This paper proposed a novel disturbance force estimator for CNC machining centers. Unlike the observer, the estimator is not sensitive to measurement noise due to RDFT based filtering/differentiation scheme. Since the proposed estimator incorporates a sophisticated friction model for the hydrodynamic guideways, it can decouple the friction forces from the principal cutting force components in an iterative fashion. Not surprisingly, its estimation accuracy was found to be significantly better
(-2.5 times) than that of a Luenberger observer. Unfortunately, the proposed estimator (as well as the observer) was not capable of estimating the cutting force component of a stalled drive due to strong Coulomb friction on the carriages of a typical machine tool. To overcome this drawback, an all-purpose solution was proposed in this paper. A general estimator topology utilizing a compact end-milling process model was developed to construct the unknown cutting process component. The performance of this topology was evaluated through a number of experimental studies. Despite some offset problems, the accuracy and bandwidth of the topology were found sufficient for most CNC machine tool applications.
 Dolen, M., 2000, "Modeling and Estimation by Structured Neural Networks for CNC Machine Tools," PhD Dissertation, University of Wisconsin - Madison.  Dolen, M. and Lorenz, R. D., 2000, "An Industrially Useful Means for Decomposing and Differentiation of Harmonic Components of Periodic Waveforms," in Proc. of the IEEE Ind. Apps. SOC.(IAS) Conf, vol. 2, 1016-1023. [ l o ] Lorenz, R. D., 1996, "New Drive Control Algorithms (State Control, Observers, Self-sensing, Fuzzy Logic, and Neural Nets)," in Proc. of PClM Conf., Las Vegas, 275-289. [ I l l Dolen, M., Kaftanoglu, B., and Lorenz, R. D., 2003, "Cross Reference Models for Estimating Unknown Princi pal Force Cornpo nents in End- MiIIing Process ," ClRPAnnals, vol. 52:1, 81-84. [I21 Goodwin, G. C. and Sin, K. S., 1984 Adaptive Filtering, Prediction, and Control, Prentice Hall, NJ.
Figure 8: Estimation results when Y-drive motor is stalled.
Tonshoff, H. K, Wolfsberg, J. P., Kals, H. J. J. Konig, W., van Luttervelt, C. A,, 1988, "Development and Trends in Monitoring and Control of Machining Processes," ClRP Annals, vol. 3712, 61 1-622. Van Brussel, H., and Vastmans L., 1981, "Direct Digital Control of Feed Drives," 13t' ClRP Int'l Seminar on Manufacturing Systems, Micro-processors in Manufacturing Systems, Leuven, Belgi urn. Kulkarni, P. K., Srinivisan, K., and Johnson, W. C., 1984, "Simulation and Discrete Time Modeling of Machine Tool Feed Drive Dynamics," Proc. of the 1984 American Control Conference, San Diego, CA, 474-481. Stein, J. L., Colvin, D., Clever, G., and Wang, C. H., 1986, "Evaluation of DC Servo Machine Tool Feed Drives as Force Sensors," ASME Journal of Dynamic Systems, Measurement and Control, vol. 108, 279288. Altintas, Y., 1992, "Prediction of Cutting Forces and Tool Breakage in Milling from Feed Drive Current Monitoring," ASME Journal of Eng. for Ind., vol. 114, 386-392. Harris, T. A,, 1991, Rolling Bearing Analysis, 3/e, John Wiley 8, Sons, Inc., NY. Armstrong-Helouvry, B., Dupont, P., 1993, "Friction Modeling for Control," Proc. of the American Control Conference, San Fransisco, CA, 1905-1909.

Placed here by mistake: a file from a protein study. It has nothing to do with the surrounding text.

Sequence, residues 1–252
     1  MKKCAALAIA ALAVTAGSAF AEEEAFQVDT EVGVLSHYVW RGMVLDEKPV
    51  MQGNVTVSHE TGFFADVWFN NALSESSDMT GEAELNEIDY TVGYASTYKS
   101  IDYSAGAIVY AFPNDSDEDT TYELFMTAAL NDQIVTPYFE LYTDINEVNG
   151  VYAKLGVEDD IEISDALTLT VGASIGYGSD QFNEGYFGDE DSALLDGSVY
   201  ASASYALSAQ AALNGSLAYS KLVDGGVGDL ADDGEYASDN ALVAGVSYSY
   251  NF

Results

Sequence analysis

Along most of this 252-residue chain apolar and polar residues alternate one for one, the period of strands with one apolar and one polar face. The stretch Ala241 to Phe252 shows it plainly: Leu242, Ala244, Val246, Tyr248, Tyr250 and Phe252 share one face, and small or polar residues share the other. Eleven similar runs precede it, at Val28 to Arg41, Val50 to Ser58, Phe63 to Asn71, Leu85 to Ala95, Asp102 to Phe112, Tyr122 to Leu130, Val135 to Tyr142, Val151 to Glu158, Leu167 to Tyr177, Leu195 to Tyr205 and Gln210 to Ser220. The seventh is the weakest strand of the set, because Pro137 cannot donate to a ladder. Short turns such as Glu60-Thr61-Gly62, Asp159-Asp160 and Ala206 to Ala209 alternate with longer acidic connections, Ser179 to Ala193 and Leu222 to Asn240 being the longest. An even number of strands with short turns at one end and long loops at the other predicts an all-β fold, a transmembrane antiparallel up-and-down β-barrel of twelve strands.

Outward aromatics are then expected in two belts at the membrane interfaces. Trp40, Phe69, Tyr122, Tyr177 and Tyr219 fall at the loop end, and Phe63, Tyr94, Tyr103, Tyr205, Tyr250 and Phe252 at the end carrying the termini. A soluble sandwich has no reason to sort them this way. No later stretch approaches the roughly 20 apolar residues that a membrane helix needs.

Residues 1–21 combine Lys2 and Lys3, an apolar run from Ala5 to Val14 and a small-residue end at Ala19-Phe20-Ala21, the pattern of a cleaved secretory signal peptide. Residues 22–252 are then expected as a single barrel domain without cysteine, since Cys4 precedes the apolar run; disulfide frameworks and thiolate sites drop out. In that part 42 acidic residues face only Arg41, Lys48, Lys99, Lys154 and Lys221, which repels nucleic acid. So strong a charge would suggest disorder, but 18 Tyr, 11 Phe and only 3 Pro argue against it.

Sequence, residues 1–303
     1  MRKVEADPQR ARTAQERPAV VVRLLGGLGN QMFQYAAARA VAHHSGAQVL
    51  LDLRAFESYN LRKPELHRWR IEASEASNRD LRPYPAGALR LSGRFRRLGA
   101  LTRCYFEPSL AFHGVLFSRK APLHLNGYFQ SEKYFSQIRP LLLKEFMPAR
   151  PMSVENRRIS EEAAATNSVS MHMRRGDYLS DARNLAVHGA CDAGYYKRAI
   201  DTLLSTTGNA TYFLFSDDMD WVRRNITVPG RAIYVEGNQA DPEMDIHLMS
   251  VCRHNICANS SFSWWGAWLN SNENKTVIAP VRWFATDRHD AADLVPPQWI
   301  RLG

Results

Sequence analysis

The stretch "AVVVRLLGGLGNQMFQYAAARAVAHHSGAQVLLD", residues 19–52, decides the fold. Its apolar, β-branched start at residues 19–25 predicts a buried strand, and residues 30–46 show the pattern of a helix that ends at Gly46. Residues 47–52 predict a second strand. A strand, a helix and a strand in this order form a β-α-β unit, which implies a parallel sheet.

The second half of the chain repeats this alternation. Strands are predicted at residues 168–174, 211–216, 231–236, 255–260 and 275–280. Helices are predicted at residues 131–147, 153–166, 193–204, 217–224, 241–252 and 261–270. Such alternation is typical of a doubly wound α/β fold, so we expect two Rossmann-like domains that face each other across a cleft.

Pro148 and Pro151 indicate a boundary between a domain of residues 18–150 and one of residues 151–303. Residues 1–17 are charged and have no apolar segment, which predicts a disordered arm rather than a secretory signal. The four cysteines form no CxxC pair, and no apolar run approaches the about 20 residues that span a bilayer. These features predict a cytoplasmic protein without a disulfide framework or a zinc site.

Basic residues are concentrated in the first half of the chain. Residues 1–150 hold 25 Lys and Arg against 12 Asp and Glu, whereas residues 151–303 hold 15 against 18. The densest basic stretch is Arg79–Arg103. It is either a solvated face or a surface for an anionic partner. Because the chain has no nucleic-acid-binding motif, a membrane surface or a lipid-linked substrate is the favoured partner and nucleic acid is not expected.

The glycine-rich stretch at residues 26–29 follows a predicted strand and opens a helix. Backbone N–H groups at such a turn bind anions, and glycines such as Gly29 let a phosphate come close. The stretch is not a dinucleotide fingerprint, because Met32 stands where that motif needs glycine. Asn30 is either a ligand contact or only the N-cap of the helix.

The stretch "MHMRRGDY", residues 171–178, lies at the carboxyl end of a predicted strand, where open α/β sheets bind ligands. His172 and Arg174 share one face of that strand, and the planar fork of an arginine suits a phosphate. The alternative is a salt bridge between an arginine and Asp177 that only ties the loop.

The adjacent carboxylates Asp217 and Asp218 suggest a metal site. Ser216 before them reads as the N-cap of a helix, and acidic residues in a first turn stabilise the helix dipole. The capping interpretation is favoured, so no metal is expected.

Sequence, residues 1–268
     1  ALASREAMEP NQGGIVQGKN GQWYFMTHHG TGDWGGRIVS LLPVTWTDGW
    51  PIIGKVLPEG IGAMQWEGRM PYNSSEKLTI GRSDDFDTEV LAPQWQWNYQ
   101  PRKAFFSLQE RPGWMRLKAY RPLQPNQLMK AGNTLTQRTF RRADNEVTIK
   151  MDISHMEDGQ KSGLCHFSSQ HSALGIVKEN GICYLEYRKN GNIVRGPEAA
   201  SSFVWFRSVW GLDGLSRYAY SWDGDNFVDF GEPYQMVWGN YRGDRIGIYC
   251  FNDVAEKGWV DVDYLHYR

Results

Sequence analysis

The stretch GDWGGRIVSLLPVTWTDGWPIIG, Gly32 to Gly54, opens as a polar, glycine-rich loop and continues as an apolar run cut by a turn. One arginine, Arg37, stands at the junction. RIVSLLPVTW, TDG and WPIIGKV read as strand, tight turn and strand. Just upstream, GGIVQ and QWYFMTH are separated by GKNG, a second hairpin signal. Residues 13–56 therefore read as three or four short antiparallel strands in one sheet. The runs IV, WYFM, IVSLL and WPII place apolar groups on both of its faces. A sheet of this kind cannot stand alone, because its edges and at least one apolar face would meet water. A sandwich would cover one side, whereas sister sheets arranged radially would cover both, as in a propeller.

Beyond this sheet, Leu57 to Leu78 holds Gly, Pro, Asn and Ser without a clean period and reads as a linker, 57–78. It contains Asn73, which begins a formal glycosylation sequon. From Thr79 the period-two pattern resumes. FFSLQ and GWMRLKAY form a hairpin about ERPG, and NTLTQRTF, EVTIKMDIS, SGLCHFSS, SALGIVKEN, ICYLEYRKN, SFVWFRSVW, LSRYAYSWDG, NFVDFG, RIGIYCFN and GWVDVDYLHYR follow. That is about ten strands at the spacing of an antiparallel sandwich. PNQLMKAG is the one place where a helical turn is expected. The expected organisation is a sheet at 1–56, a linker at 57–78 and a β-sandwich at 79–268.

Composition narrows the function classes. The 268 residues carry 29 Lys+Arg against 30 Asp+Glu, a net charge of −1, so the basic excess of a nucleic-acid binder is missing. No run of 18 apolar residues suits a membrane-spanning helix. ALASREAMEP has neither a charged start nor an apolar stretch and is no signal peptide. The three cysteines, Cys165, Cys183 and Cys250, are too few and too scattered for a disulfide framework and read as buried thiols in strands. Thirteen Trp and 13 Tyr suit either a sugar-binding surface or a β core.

Figure 9: Estimation results when X-drive motor is stalled. AP PENDIX Various experiments were conducted using a CincinnatiMilacron 5VC-750 vertical machining center. Table 1 tabulates the important parameters of the machining tests while Table 2 summarizes the cutting tests used to evaluate the estimator's performance. For verification purposes, the cutting force components are measured by a Kistler force dynamometer. All the signals (currents, tachogenerator voltages, force signals) are low-pass filtered using a 6th order Butterworth filter with a cut-off frequency of 800 Hz. Hence, the sampling frequency of the data acquisition board is chosen as 2.5kHz.
Workpiece R[mm] N Tool Al 7076-T6 HSS 6.35 3 ft [mmI p PI Ns[rpmI a n PI 0.0667 1 0 1 30 1 1250 Table 1: Machining parameters.
Test dz [mm]
Table 2: Summary of machining tests.